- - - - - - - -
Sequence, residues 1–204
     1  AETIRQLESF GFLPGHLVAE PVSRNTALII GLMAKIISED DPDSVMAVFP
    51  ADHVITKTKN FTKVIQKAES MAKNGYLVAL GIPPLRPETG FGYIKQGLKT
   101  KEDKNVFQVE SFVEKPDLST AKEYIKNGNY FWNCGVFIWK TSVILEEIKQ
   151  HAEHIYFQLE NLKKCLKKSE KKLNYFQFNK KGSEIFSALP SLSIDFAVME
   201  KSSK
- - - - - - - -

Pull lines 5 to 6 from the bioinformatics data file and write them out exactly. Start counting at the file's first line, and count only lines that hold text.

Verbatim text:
   151  HAEHIYFQLE NLKKCLKKSE KKLNYFQFNK KGSEIFSALP SLSIDFAVME
   201  KSSK